Quantcast

Everyday Heroes and Thousands of Firefighters Step Up to SoCal Wildfires

Popular

As six large wildfires and several smaller fires burn across Southern California, firefighters, first responders and everyday Americans are stepping up—and risking their lives—to rescue fellow citizens, homes, buildings and animals from the blazes.

About 5,700 firefighters are battling the region's brushfires around the clock in intense heat and grueling conditions.


Some come from nearby states, such as Genesee Dennis from the Seaside Fire Department in Oregon who is putting out the Creek Fire with colleagues.

"We just do it. And us going through a 24-hour shift is nothing compared to folks losing their homes," Dennis told CBSLA.

The Los Angeles Police Department touted that their motto "To Protect and Serve" applies in many ways. The department posted an image of an officer in a respirator carrying a cat as smoke billowed from behind.

"For some it might just be a cat," the tweet said. "But to others it's a friend, a loved one, a companion."

Other Californians have braved harrowing conditions to save animals. In the video seen above, a man steps into the scorching Ventura County highway to rescue a wild rabbit.

The clip has since gone viral with many on social media calling the man a hero.

"If you need your faith in humanity restored just watch this video of a man saving a wild bunny from the #LAFires," one person tweeted.

Several locals also banded together to save a horse trapped in a ditch as fires raged in Sylmar, California.

"A veterinarian tranquilized the horse, others began moving furniture out of a garage and LA County fire freed up a small crew to help with the rescue," Gina Silva, a reporter with Fox 11, wrote on Instagram.

"They all tore down the wall to free the animal. The horse was then immediately transported to a nearby animal hospital."

In Ventura County, a group of five friends used garden hoses to beat back flames at homes owned by people they've never met.

"For us, this is our community," John Bain, one of the group members, told the Los Angeles Times. "I consider this our home. When something like this happens … you can sit around for things to get better or you can try to go out there and do something."

Evacuation centers and animal shelters are housing people and pets displaced by the fires. The Times reported that Los Angeles Unified school officials have opened centers where students affected by wildfires can pick up free meals.

It's clear that in times like these, when Mother Nature is at her worst, humanity can be at its best.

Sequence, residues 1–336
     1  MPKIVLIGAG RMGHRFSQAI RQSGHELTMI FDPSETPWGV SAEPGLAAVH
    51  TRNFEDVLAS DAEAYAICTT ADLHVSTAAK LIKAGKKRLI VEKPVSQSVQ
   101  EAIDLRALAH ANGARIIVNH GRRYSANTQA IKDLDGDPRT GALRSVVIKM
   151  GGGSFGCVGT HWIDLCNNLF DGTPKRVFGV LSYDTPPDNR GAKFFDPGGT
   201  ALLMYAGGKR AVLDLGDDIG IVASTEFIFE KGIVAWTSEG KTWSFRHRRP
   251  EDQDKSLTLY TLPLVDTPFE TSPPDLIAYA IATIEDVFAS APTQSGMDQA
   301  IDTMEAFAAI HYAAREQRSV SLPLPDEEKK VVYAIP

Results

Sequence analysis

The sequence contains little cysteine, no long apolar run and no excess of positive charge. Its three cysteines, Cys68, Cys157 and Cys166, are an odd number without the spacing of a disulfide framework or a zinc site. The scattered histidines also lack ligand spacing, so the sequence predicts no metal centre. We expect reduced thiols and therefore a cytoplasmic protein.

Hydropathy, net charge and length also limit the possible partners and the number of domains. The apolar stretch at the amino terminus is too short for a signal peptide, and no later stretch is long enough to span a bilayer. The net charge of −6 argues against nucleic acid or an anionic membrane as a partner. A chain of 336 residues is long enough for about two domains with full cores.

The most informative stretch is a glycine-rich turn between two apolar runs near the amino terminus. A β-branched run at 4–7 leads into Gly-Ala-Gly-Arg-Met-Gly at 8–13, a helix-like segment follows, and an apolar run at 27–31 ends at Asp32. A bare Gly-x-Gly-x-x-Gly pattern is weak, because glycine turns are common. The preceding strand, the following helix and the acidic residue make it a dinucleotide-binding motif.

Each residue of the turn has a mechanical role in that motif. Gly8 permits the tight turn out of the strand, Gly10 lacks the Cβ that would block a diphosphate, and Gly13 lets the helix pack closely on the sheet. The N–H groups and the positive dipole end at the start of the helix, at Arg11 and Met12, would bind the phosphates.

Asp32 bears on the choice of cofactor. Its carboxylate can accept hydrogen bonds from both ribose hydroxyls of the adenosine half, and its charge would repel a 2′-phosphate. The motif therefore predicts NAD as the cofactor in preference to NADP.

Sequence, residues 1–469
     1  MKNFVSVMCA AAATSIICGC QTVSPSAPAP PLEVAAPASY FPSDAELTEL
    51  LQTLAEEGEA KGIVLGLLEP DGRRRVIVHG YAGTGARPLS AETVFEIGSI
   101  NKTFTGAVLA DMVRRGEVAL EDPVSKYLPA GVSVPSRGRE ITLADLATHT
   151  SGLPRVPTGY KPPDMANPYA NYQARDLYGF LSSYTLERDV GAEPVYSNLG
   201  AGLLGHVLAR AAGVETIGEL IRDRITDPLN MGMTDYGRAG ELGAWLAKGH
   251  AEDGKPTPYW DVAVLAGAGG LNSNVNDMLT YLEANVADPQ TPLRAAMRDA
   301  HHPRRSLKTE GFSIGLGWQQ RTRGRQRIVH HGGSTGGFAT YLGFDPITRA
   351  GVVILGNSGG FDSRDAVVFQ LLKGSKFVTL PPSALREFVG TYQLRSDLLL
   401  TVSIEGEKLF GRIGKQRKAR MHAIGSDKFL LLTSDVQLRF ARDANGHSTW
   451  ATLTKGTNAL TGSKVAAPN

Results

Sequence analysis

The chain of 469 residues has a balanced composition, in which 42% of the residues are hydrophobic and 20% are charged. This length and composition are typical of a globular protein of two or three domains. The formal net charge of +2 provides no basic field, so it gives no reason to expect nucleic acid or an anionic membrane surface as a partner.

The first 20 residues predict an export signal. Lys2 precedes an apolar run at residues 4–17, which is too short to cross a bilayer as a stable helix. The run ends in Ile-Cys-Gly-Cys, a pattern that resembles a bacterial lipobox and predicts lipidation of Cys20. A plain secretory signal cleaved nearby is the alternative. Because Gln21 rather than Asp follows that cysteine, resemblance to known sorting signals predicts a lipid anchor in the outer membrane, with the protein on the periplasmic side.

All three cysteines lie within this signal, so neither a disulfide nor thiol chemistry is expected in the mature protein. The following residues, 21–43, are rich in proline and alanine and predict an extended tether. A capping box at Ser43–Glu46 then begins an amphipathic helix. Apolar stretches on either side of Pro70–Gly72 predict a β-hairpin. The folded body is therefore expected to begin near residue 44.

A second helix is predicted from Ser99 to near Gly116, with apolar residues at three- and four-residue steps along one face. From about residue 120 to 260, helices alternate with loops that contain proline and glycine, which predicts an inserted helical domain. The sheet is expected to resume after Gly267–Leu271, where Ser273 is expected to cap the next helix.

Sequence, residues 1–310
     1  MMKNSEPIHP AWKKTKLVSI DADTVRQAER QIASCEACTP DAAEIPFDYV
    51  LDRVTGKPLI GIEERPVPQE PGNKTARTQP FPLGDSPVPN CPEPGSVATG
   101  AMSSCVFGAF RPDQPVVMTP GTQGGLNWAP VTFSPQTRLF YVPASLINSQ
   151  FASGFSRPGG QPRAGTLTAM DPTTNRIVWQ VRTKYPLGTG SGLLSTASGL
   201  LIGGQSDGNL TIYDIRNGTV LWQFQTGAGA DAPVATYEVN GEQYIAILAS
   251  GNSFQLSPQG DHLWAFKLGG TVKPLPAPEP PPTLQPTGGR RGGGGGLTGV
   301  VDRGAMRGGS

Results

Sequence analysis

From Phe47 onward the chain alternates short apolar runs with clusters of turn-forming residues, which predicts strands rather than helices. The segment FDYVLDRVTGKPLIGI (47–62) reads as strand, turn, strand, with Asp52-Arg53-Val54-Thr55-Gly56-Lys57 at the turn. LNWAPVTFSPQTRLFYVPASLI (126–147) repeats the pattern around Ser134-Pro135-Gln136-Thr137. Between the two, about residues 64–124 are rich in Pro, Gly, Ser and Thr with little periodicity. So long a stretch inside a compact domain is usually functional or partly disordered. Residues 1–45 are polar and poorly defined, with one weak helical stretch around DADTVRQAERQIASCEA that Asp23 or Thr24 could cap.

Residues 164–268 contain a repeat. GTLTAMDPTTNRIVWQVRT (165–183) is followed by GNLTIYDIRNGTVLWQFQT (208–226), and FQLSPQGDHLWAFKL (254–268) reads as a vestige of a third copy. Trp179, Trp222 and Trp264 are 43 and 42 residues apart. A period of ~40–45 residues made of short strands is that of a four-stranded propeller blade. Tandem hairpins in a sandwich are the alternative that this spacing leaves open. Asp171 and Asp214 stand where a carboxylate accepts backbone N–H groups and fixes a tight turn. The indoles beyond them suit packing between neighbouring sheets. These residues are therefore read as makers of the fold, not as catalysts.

EcoWatch Daily Newsletter

Asian elephants frolic in Kaudulla Wewa at Kaudulla National Park in central Sri Lanka. David Stanley / CC BY 2.0

When it comes to saving some of the planet's largest animals, a group of researchers says that old methods of conservation just won't cut it anymore.

Read More Show Less
Pexels

A low-fat diet that prioritizes eating healthier foods like fruits and vegetables each day could lower the risk a woman's risk of dying from breast cancer, according to a multi-decade study published this month.

Read More Show Less
Sponsored
smcgee / Flickr / CC BY-NC 2.0

Several New York City Starbucks exposed customers to a potentially deadly pesticide, two lawsuits filed Tuesday allege.

Read More Show Less
Drinks with plastic straws on sale at London's Borough Market. Susie Adams / Getty Images

The UK government has set a date for a ban on the sale of single use plastics, The Guardian reported Wednesday. From April 2020, the sale of plastic straws, drink stirrers and cotton buds with plastic stems will be prohibited in England.

Read More Show Less
Sen. Michael Bennet (D-CO) speaks during the North American Building Trades Unions Conference at the Washington Hilton April 10, 2019 in Washington, DC. Zach Gibson / Getty Images

Colorado senator and 2020 hopeful Michael Bennet introduced his plan to combat climate change Monday, in the first major policy rollout of his campaign. Bennet's plan calls for the establishment of a "Climate Bank," using $1 trillion in federal spending to "catalyze" $10 trillion in private spending for the U.S. to transition entirely to net-zero emissions by 2050.

Read More Show Less
Sponsored
Foto-Rabe / Pixabay

When Trump's Environmental Protection Agency (EPA) announced its replacement for the Obama-era Clean Power Plan in August 2018, its own estimates said the reduced regulations could lead to 1,400 early deaths a year from air pollution by 2030.

Now, the EPA wants to change the way it calculates the risks posed by particulate matter pollution, using a model that would lower the death toll from the new plan, The New York Times reported Monday. Five current or former EPA officials familiar with the plan told The Times that the new method would assume there is no significant health gain by lowering air pollution levels below the legal limit. However, many public health experts say that there is no safe level of particulate matter exposure, which has long been linked to heart and lung disease.

Read More Show Less
A crate carrying one of the 33 lions rescued from circuses in Peru and Columbia is lifted onto the back of a lorry before being transported to a private reserve on April 30, 2016 in Johannesburg, South Africa. Dan Kitwood / Getty Images

By Andrea Germanos

Animal welfare advocates are praising soon-to-be introduced legislation in the U.S. that would ban the use of wild animals in traveling circuses.

Read More Show Less
A tornado Monday in Union City, Oklahoma. TicToc by Bloomberg / YouTube screenshot

Extreme weather spawned 18 tornadoes across five states Monday, USA Today reported. Tornadoes were reported in Texas, Oklahoma, Kansas, Missouri and Arizona, but were not as dangerous as forecasters had initially feared, the Associated Press reported.

Read More Show Less